4. Changing a culture requires a lot of (internal) marketing and PR.
The CISO should, with the full support of top leadership, oversee an organizationwide effort to step up security awareness activities. Training materials should be relatable, direct and relevant to enact a gradual shift toward a strong security culture with reminders, fresh ideas, games and, yes, the dreaded phishing test.
This transition will not happen overnight, and there will be some pushback. But the days of writing passwords on sticky notes, sharing login credentials with office staff and practicing overall poor cyber hygiene, both at work and at home, need to end. CISOs should join forces with awareness evangelists to constantly remind staff members to follow security best practices.
And, finally, point 5, defining and sustaining your culture.
We use the word ‘culture’ intentionally. Culture is shaped and reshaped by the words people say, the values that they hold (and show), and the support that they provide each member of the organization. This means that cultural ‘disjoints’ can be cause dramatic problems. For example, if the organization is putting forth the message that certain principles are valued, but a subgroup of the organization doesn’t actively support or demonstrate those values, we end up with a culture that is pulling against itself.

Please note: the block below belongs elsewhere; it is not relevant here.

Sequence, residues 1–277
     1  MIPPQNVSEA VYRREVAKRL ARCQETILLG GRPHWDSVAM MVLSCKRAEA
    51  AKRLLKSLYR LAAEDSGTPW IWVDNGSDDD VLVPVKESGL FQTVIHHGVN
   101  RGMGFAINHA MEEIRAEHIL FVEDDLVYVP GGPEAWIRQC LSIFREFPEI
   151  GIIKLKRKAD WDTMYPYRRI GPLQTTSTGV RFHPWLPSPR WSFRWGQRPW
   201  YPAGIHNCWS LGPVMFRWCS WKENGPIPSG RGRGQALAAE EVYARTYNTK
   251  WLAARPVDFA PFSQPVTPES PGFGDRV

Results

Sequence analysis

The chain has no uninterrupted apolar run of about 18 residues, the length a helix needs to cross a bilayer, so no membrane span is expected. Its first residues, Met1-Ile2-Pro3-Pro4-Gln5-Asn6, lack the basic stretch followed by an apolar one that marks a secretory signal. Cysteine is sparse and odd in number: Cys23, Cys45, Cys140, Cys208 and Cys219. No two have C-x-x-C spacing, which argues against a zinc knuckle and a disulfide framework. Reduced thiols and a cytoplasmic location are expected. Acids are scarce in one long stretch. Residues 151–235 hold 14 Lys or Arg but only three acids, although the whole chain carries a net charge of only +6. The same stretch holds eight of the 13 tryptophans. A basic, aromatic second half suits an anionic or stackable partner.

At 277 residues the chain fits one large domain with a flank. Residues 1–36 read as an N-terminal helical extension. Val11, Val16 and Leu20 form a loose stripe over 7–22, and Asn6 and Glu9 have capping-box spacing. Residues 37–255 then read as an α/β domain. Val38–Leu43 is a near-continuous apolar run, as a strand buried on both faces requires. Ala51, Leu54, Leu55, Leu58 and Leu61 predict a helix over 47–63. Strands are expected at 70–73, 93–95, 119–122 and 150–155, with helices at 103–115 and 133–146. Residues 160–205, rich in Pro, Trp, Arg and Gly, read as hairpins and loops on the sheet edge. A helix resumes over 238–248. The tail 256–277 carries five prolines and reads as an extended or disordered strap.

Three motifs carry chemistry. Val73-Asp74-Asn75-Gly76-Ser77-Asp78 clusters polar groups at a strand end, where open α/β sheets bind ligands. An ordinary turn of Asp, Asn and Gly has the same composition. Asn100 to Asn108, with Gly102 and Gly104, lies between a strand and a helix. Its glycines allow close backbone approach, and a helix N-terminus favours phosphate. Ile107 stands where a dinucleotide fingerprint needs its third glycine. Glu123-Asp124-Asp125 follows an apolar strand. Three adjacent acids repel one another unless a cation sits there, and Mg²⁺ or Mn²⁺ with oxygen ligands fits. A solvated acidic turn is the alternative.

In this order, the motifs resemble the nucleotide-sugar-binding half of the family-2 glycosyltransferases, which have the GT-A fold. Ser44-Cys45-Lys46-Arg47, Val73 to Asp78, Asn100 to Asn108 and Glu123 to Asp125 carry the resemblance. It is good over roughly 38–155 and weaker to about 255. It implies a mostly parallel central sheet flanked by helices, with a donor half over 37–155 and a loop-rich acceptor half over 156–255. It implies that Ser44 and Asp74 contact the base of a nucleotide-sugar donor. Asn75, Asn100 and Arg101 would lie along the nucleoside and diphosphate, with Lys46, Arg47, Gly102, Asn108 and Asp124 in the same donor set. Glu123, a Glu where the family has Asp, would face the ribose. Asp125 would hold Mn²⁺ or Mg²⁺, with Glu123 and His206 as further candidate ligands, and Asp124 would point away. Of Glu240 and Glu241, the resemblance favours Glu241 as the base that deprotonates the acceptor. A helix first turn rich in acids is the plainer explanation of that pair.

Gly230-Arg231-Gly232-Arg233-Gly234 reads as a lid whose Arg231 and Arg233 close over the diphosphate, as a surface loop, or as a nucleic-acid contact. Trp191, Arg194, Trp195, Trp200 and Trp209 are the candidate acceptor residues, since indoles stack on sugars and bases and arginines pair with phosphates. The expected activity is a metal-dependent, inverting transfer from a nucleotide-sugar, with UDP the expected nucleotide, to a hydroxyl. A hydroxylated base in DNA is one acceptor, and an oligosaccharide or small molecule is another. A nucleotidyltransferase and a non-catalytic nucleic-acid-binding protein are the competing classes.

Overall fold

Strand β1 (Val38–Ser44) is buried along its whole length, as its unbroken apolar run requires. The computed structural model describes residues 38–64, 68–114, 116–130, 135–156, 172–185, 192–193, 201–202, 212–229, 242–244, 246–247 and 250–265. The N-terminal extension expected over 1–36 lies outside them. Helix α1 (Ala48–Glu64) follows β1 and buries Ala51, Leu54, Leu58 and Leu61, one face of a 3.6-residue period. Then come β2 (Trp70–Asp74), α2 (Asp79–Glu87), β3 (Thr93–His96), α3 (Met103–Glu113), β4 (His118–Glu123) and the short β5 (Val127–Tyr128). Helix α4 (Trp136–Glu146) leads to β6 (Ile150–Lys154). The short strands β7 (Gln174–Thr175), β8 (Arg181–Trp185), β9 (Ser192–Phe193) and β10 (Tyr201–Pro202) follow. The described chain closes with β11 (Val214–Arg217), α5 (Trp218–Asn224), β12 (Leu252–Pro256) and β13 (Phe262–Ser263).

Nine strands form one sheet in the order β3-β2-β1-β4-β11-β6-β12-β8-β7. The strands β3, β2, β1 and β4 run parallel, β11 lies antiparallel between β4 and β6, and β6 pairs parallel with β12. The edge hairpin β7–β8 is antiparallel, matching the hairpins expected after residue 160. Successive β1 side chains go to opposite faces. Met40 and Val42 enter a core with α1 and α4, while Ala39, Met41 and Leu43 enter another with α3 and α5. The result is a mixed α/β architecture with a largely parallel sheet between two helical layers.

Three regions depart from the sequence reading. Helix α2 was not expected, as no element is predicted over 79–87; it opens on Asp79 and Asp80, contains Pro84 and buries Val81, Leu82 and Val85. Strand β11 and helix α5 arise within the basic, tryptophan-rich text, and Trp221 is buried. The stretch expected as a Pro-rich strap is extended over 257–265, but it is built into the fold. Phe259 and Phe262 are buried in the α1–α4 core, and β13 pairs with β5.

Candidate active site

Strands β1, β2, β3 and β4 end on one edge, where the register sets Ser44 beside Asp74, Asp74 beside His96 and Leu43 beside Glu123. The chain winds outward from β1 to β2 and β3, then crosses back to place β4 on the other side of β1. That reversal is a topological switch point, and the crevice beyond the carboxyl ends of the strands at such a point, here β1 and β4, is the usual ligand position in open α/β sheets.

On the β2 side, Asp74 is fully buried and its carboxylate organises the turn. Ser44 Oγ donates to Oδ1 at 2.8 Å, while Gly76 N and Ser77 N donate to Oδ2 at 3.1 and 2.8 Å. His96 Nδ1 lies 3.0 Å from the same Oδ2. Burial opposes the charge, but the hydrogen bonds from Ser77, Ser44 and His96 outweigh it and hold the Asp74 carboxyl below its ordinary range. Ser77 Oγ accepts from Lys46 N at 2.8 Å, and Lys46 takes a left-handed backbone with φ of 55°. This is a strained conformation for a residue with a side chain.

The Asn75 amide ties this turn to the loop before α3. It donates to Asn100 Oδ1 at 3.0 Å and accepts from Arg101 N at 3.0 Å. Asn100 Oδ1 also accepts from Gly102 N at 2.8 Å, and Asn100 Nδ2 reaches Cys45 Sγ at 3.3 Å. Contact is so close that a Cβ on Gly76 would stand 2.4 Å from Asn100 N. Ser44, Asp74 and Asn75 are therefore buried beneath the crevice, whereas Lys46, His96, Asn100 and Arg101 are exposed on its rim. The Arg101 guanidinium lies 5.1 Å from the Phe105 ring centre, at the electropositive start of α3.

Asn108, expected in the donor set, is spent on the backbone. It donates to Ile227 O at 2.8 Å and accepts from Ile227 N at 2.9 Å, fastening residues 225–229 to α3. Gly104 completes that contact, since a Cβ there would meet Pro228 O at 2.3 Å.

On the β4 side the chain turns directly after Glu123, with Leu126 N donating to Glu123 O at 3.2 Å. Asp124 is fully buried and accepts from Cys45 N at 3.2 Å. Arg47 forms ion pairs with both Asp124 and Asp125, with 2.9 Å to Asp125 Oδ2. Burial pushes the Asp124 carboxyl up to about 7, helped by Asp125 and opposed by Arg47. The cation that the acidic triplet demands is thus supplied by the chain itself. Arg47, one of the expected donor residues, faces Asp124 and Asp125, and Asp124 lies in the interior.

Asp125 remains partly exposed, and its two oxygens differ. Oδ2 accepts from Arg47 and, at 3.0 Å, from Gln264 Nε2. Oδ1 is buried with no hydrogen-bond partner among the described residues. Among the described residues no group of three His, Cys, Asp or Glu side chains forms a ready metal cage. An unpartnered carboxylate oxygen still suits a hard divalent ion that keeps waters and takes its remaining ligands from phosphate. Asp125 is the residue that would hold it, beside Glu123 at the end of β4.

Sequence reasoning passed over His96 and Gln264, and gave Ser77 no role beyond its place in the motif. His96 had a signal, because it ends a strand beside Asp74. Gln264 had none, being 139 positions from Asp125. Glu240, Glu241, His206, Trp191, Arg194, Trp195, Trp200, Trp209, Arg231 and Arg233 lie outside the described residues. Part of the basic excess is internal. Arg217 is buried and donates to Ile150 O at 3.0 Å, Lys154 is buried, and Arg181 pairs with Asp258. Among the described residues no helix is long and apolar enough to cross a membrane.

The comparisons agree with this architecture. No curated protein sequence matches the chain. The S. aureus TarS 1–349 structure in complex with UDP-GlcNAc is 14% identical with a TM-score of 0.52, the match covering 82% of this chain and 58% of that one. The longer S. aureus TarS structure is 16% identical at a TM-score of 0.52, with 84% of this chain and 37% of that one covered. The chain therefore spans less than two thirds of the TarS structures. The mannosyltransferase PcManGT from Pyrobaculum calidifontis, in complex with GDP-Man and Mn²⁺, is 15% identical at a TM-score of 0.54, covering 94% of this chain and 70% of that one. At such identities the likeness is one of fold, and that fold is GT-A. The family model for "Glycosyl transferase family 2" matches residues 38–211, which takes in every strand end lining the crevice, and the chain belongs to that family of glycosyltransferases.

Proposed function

Because of this, it is crucial to ensure that there is buy-in for each security-related value that you want to cultivate. Part of this can be accomplished and sustained through the creation of a security champion/liaison program that is intended to be an open line of mutual communication and support between key security stakeholders and other lines throughout the organization. This not only helps disseminate security-related information, but is also a mechanism for creating open dialog related to security concerns, misunderstandings, and so on. Key to this concept is having membership from the executive team, middle-management, and influential and knowledgeable individual contributors — creating cultural reinforcement points at all levels of the organization.